1. The average of 14 different retail asphalt sealers is unchanged since last year
2. The overall use of coal tar sealers is in decline so much so that some believe that it is no longer the largest selling sealer in the US.
3. The overall market for sealers is strong and expected to increase through 2024.
From online sources it appears that True Value is the last major US retailer to sell a coal tar-based driveway sealer. Quite a change from the mid-1990’s when a researcher bought a dozen different 5 gallon buckets of driveway sealer. His testing found 11 of 12 contained coal tar. You can read this article from 2011, which is one of the most popular on this site at Just How Toxic are Coal Tar Sealers?
The product True Value sells is made by Sakrete, who makes both asphalt-based and coal tar based products. Here’s a screenshot from the True Value website. Behold the dinosaur on the brink of extinction!
We aren’t that far from that welcomed day when the end of its retail availability is over. How about it True Value?
I say this optimistically of course. Any retailer can go back to selling coal tar sealers in most of the US until it is banned nationwide. Let’s just hope, for now, they’ve figured out the liability isn’t worth the cost of selling it, as Lowes has.
Canadian Retail Coal Tar Seller
We have long celebrated the decisions that Lowes and Home Depot made about a decade ago to stop selling coal tar sealers. But Lowes just bought a major Canadian home improvement chain, RONA
, which continues (as of this writing) to sell coal tar sealers. Preliminary conversations with Lowes are continuing.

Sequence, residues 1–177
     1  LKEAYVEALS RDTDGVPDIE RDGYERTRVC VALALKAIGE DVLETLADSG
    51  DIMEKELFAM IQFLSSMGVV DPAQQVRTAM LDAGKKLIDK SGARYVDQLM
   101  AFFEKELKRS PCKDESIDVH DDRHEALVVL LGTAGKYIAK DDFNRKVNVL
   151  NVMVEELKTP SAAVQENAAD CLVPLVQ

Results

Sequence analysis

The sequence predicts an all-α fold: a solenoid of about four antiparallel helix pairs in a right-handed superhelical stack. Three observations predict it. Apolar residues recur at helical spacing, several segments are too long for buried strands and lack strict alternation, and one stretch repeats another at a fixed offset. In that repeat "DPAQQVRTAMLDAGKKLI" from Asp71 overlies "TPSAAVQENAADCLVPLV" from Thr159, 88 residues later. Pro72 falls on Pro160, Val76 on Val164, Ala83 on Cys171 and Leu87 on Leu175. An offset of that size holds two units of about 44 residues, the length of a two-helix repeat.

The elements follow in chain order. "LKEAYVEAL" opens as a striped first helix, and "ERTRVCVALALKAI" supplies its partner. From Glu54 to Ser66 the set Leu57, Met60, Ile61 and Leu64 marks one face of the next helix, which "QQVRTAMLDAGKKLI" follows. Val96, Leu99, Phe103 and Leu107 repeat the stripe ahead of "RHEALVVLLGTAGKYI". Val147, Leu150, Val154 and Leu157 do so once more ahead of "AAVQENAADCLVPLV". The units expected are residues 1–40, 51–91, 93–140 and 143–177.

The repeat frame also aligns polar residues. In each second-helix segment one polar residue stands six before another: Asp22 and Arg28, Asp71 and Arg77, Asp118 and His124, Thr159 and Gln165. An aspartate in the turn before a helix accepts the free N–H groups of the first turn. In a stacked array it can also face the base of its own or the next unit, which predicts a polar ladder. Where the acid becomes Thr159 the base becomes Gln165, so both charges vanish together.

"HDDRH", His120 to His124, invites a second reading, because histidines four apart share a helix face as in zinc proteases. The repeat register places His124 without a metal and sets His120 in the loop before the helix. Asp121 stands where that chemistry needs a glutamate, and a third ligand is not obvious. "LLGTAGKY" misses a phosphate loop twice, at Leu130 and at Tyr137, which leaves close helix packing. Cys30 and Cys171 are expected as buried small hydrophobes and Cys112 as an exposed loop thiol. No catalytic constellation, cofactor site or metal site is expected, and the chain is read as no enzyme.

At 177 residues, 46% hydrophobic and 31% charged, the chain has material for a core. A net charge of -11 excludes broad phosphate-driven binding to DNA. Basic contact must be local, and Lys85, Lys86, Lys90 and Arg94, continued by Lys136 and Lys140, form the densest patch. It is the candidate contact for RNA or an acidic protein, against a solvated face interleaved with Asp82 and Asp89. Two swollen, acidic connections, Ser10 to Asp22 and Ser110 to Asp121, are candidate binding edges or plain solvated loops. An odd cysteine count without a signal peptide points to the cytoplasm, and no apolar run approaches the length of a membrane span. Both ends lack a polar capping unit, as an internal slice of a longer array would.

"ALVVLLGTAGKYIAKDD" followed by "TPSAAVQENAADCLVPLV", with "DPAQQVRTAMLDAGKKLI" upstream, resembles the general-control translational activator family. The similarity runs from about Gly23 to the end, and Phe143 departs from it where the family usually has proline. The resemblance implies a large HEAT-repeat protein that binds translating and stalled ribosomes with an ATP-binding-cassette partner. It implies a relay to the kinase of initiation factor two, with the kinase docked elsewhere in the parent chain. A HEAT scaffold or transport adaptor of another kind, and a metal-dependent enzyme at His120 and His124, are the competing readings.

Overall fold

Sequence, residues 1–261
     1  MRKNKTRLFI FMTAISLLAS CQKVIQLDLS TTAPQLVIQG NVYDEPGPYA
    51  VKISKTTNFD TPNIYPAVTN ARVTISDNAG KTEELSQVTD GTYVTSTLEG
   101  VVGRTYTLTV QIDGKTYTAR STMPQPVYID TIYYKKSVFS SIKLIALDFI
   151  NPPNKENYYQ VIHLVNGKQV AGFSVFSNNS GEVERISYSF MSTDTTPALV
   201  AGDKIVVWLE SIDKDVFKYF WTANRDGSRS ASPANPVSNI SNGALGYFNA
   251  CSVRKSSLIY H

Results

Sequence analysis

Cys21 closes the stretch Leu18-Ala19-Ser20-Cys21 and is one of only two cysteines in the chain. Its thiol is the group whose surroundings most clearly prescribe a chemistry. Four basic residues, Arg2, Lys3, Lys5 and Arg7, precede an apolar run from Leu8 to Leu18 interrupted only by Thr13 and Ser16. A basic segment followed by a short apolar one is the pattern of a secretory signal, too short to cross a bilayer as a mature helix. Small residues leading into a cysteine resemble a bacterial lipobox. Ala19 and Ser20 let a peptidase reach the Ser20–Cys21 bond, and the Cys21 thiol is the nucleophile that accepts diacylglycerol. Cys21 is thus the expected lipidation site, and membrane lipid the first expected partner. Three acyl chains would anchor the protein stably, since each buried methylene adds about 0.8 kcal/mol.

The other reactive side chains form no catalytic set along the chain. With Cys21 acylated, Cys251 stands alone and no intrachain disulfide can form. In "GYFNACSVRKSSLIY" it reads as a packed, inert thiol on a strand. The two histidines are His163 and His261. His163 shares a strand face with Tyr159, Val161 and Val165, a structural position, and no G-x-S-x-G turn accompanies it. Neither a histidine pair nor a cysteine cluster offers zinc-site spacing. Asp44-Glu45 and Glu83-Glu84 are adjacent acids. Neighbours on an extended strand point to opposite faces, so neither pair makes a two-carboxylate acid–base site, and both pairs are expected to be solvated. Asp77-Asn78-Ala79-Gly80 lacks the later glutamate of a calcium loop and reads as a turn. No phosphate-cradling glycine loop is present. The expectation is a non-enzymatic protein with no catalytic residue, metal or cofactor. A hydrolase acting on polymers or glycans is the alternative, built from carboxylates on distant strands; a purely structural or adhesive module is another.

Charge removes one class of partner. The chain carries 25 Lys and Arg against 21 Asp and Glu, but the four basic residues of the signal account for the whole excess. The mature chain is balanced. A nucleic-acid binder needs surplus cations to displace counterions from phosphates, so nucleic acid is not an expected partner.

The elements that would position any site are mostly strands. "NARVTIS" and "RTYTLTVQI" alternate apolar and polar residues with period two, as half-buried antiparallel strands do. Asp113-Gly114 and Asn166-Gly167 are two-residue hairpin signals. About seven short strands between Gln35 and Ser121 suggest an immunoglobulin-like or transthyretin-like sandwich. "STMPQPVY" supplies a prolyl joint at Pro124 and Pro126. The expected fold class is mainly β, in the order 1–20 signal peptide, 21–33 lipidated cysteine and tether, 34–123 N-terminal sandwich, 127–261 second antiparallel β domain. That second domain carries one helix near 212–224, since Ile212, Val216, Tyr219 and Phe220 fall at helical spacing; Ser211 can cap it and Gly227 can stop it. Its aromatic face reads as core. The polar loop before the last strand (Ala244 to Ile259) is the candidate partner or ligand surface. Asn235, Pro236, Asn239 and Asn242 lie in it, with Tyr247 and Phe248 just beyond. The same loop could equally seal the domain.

Prospects are Good for Sealer Industry in the US Even Without Coal Tar
A market research company recently confirmed what one CEO of a sealer company said a few years ago: bans really won’t hurt the sealcoat business.
In the projected period through 2024, the industry is expected to experience “moderate growth” but “rising bans on coal tar-based sealers, the improved performance of asphalt-based sealers, and competitive pricing are expected to result in the increased consumption of bitumen and asphalt sealers…”
Which Lasts Longer?
Frequently people ask which product lasts longest or is better. Generally speaking, these products, no matter which primary ingredient it contains, become more expensive with the addition of polymers and fortifiers that make the product perform better. In other words, which would you think would last longer a coal tar sealant at $113 per 5 gallon bucket or one that costs just $13?
This is illustrated with the price versus warranty graph using the retail “Black Jack” line of asphalt-based driveway sealer. A product that just has a 2 year warranty is about half the amount of one that has a 10 year warranty. Which is “better?” It would depend on what you can afford. Longevity of the products are a function of the quality of the ingredients and the quality of the installation.